Join our Mailing List

"As long as human rights are violated, there can be no foundation for peace. How can peace grow where speaking the truth is itself a crime?"

Obama is the most reactionary president since Nixon

January 25, 2010

He's been seen off by Iran, sucked up to Putin,
so where is the man who sold us his liberal values?
Nick Cohen
Guardian, The Observer
January 24, 2010

A Democrat president does not lose Massachusetts
without so dispiriting liberals they can longer
be bothered to turn out for him. Inattentive
foreigners have been slow to spot the
demoralisation because their relief at Obama's
inauguration has stopped them realising that his
failure to tackle unemployment and his
unconscionable delay in punishing the bankers
have induced despair among his natural
supporters. As has the vacuity of his foreign policy.

I accept that readers may find this a hard
sentence to swallow, but when it comes to
promoting democracy, the emancipation of women
and the liberation of the oppressed, Barack Obama
has been the most reactionary American president since Richard Nixon.

Take the undeservedly neglected case of Nyi Nyi
Aung. The reason you have never heard of the
Burmese-American is that his arrest is an
embarrassment to an Obama administration that
wants to "engage" with Burma's military regime.
The junta is holding the democracy activist in
solitary confinement. If he is receiving the same
treatment as its previous inmates, the guards
will be forcing him to crawl on all fours, bark
instead of talk and eat from a dog bowl. American
senators wrote to Hillary Clinton demanding that
she intervene and received no concrete
commitments. Nyi Nyi's disgusted American fiancee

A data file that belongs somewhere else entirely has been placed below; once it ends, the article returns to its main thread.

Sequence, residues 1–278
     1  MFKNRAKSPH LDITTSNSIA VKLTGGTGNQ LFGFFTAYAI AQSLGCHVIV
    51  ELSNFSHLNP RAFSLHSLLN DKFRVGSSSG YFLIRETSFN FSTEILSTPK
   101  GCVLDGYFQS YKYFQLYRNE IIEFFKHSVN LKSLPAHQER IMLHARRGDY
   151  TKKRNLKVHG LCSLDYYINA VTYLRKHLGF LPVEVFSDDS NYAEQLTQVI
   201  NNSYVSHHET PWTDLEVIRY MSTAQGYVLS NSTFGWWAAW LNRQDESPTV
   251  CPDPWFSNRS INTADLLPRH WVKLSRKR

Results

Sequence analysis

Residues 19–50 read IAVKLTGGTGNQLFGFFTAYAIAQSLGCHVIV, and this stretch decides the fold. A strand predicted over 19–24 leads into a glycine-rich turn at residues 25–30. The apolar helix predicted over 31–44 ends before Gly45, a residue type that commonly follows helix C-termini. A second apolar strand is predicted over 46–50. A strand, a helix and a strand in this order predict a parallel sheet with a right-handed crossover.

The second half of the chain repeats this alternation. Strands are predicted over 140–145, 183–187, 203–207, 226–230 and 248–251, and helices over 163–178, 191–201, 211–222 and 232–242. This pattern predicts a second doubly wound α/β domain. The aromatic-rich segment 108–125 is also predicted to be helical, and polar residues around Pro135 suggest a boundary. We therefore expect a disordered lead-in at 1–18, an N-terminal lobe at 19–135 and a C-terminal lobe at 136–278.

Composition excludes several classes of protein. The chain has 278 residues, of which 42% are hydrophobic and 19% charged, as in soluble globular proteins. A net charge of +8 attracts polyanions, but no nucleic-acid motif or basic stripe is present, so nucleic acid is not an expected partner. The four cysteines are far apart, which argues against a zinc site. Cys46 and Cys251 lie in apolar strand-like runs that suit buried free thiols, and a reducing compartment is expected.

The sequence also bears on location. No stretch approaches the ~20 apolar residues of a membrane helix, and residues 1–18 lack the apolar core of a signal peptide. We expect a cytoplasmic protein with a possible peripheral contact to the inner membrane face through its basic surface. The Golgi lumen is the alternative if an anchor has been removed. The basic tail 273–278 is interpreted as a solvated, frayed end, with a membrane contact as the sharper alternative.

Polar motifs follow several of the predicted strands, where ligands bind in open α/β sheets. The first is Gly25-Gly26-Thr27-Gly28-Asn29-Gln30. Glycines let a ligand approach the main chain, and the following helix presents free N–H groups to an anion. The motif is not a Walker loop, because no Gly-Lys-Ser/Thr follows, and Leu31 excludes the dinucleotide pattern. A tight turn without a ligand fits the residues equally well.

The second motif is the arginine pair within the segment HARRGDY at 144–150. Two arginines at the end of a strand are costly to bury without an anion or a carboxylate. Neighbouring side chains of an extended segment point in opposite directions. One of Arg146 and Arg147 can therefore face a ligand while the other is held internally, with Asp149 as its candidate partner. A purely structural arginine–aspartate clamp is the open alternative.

says that the message America sends the generals
is that they can do what they want.

It is not that Obama has adopted a policy of
outright appeasement. He decided not to drop the
Bush-era sanctions after a long, slow review. But
as Mark Farmaner from the Burma Campaign UK group
says, European and Asian countries which don't
give a damn about human rights and just want to
make money aren't feeling any pressure from
Washington to blacklist the regime. The hope that
Burmese democracy campaigners felt at Obama's election has long gone.

I don't believe you can understand why he is such
a let-down if you hold on to old definitions of
liberalism. From Eleanor Roosevelt onwards, the
Democrats were meant to believe in universal
human rights. Even Jimmy Carter, mocked for his
weakness in handling tyrants, tried to make them
a part of his foreign policy. The flattering
label "realist" – which, like the equally
gratifying "sceptic", is not a badge of honour
you can award to yourself – was claimed by
Republicans, most notably Nixon, Gerald Ford and
Henry Kissinger. They maintained they were
hard-headed men who could see the world as it is,
unlike soppy liberal idealists. They would deal
with any regime, however repulsive, that could
help advance US interests, and ignore what their
allies did to their captive populations.

Obama has stood the distinction on its head. In a
forthcoming analysis for the Henry Jackson
Society, Lawrence Haas, a former aide to Al Gore,
laments the "disappointment" of the Obama
presidency with an embarrassment of damning
evidence. Obama and Hillary Clinton have
explicitly said, for instance, that they will not
allow protests about the Chinese Communist